I was angry at living in a country like this where individual liberty is compromised for the sake of the pleasure of the majority. I was angry at not ridiculing the banal sinhala-buddhists more often and their lame pathetic excuse for a livelihood. I was angry at letting myself be educated in a sinhala-fucking-buddhist school, and never questioning their absurdities. I was angry of the fact that my father and mother were born buddhists and they didn’t have the guts to do anything about the senseless extremism that they put up with everyday.

I went home, and took out my sandbag. And I let all hell loose. With every roundhouse kick I crushed the monk’s skull in my head. With every punch I broke his rib cage over and over again. With every back-roundhouse kick I dislocated his fucking jaw and disfigured his bloody face. With every elbow, I broke his ear drum and with every kneekick I slammed his groin up his arse.

I killed him in my head. With my bare hands. Not once, not twice but thousands of times over. Everytime using a technique bloodier and gruesome than the last.

The blood ozzing through my knuckles, I sat there for a while and I waited for my mind to clear.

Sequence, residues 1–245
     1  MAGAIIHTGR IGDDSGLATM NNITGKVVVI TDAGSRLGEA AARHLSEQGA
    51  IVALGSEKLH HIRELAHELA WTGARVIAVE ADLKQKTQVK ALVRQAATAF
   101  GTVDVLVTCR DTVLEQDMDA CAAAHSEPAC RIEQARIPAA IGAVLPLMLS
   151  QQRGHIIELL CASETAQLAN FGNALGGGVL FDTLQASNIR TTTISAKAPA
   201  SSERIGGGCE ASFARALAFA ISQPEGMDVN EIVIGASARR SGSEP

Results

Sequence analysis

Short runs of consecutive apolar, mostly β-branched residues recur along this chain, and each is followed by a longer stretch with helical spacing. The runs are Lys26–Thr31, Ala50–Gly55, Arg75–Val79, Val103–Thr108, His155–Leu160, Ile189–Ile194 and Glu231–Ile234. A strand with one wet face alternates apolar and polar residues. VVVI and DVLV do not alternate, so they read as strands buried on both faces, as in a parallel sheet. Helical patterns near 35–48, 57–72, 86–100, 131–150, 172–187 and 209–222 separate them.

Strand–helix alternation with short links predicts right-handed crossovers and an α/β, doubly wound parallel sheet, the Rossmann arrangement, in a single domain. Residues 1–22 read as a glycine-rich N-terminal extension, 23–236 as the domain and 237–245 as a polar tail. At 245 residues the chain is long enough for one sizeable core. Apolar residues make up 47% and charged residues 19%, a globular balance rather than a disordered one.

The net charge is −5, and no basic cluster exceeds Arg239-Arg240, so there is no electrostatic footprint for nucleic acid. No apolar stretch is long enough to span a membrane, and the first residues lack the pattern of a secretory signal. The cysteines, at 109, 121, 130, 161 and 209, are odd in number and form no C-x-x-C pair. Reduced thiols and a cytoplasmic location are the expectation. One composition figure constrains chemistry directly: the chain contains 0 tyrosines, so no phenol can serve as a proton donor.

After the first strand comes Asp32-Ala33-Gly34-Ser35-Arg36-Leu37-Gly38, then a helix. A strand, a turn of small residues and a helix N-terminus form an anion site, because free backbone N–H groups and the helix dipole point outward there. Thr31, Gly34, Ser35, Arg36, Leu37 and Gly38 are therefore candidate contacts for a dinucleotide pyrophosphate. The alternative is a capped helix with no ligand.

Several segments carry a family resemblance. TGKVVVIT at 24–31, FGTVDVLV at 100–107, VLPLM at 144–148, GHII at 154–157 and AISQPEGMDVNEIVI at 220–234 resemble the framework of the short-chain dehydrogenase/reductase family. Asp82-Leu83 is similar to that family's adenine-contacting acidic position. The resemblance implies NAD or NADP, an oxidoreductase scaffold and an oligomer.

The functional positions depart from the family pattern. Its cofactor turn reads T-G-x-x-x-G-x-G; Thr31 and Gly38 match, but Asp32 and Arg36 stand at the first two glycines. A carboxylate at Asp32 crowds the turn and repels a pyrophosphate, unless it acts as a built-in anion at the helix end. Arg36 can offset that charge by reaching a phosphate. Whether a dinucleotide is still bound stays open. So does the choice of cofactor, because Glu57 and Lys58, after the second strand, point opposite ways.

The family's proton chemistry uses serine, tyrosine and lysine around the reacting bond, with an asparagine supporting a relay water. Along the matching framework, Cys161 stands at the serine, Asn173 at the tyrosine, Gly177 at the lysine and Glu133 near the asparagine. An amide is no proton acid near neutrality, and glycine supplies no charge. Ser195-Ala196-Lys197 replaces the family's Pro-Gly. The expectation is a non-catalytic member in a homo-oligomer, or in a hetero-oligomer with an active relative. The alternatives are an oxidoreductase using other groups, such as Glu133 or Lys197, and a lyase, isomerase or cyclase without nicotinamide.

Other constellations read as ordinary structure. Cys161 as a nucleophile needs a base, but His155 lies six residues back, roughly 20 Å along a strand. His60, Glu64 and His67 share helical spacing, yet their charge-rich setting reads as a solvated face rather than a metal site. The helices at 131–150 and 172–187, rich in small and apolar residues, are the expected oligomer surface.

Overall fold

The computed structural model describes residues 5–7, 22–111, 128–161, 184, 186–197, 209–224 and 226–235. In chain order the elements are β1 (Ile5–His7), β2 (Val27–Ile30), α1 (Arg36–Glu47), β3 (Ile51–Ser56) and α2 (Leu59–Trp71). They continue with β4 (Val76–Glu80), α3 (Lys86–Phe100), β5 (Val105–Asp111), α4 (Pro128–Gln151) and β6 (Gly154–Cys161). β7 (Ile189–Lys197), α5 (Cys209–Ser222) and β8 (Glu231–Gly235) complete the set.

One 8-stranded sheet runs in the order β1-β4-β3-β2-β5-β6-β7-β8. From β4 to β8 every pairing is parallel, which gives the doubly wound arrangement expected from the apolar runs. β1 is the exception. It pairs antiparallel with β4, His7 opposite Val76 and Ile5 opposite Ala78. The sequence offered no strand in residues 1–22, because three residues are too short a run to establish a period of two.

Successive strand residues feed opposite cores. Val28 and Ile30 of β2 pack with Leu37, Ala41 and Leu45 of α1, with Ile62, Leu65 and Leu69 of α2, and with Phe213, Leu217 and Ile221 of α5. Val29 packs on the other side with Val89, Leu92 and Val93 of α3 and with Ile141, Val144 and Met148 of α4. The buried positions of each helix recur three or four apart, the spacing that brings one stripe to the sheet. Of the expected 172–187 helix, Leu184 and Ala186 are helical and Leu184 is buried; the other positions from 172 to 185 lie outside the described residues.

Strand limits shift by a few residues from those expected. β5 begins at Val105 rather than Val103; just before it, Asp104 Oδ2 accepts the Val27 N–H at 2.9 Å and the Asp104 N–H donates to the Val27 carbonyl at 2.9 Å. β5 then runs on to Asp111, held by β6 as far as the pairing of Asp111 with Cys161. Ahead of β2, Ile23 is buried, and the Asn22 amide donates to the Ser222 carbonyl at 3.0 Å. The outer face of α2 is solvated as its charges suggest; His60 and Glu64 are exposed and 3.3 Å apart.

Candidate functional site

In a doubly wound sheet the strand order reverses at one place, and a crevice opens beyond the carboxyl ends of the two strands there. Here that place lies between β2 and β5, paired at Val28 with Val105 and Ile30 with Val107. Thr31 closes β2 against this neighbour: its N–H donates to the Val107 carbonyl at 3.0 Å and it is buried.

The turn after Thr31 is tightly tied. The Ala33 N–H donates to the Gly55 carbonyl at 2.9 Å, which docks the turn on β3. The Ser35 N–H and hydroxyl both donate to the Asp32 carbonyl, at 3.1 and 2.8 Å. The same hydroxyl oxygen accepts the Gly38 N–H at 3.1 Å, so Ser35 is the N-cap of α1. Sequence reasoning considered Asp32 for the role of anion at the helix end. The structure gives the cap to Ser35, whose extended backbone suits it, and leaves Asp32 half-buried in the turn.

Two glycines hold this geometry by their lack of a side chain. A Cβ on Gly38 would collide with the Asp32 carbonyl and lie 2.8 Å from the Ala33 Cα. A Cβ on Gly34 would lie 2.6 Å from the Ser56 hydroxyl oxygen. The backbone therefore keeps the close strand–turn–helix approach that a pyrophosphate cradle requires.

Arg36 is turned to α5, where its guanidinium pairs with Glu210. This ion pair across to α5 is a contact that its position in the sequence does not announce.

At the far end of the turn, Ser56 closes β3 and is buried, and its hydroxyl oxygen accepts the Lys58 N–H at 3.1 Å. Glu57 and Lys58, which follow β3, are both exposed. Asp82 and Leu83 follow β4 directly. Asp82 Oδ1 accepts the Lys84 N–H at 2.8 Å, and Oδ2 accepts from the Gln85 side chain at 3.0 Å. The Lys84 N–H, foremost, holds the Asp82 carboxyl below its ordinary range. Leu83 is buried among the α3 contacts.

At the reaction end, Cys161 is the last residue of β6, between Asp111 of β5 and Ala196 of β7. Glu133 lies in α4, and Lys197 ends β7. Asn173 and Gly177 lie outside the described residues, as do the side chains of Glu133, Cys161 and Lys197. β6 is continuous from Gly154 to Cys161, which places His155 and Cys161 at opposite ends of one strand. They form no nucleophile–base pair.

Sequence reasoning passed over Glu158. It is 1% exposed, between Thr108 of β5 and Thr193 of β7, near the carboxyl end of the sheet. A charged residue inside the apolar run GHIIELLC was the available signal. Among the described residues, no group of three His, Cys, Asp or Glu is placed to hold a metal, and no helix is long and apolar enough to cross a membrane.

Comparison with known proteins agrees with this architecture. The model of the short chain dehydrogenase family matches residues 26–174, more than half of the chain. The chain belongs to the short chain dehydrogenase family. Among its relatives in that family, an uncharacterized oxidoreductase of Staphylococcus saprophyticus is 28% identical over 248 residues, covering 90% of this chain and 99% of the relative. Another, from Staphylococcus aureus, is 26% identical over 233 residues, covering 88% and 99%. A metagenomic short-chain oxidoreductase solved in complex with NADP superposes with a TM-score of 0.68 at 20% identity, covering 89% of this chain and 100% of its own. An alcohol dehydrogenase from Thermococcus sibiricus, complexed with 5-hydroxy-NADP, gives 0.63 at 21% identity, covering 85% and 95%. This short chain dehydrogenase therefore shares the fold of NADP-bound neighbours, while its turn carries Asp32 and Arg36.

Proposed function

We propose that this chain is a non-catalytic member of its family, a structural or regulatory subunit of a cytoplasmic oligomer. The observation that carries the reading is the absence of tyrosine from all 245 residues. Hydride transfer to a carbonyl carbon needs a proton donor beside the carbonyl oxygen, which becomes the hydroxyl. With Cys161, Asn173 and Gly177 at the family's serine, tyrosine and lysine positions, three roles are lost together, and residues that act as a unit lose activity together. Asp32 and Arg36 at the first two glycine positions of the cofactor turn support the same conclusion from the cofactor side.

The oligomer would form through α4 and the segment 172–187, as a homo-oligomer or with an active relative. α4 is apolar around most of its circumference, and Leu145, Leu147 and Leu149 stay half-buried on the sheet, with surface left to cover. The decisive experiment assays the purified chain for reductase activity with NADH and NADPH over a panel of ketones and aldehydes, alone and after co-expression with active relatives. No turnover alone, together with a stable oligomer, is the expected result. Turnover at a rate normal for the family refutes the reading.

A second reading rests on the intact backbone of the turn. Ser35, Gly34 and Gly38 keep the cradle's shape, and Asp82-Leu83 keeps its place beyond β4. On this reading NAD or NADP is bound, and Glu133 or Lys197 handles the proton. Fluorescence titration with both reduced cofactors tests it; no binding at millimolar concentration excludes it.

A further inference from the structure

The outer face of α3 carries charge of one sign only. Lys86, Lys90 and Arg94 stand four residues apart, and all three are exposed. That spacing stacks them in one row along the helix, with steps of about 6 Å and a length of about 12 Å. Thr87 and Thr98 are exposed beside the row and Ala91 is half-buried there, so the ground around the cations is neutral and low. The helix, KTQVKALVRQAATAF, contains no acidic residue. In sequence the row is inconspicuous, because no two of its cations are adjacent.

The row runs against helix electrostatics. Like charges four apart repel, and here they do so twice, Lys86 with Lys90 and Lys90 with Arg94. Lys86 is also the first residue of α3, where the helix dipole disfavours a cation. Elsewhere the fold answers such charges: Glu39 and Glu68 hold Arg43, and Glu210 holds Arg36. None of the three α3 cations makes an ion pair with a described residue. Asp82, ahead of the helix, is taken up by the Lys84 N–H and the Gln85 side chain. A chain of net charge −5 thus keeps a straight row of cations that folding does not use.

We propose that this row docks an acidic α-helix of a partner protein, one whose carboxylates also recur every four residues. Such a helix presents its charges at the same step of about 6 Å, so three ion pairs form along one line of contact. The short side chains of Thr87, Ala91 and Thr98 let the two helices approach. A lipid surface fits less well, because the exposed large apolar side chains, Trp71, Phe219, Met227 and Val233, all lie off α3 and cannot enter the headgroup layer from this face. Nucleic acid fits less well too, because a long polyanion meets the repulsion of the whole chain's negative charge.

And suddenely I felt free.

I understood that if my brain and body was in the same pathetic circumstances of the above stupid monk, I would’ve done the same. I realized that my rage was directed at myself in another life. And rather than becoming a part of the solution, I was becoming a part of the problem.

I have what it takes to breakaway. Not only from this hell-hole of a country, but also from my own anger. Not only do I have the power and independence to escape the bounds of my race and religion but I also have the intelligence to destroy the memes that try to take control of my mind.

I felt Joy. Compassion. And oneness with nature.

Mirror Reflection

June 8, 2009

A speaker is only as good as his audience. A teacher is only as good as her student.